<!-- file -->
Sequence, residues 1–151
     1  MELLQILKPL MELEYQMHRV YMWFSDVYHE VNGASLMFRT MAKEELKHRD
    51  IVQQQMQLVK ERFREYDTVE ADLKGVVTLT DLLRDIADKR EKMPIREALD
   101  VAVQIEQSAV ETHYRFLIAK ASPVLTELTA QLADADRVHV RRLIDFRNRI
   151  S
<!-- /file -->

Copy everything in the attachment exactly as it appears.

Sequence, residues 1–151
     1  MELLQILKPL MELEYQMHRV YMWFSDVYHE VNGASLMFRT MAKEELKHRD
    51  IVQQQMQLVK ERFREYDTVE ADLKGVVTLT DLLRDIADKR EKMPIREALD
   101  VAVQIEQSAV ETHYRFLIAK ASPVLTELTA QLADADRVHV RRLIDFRNRI
   151  S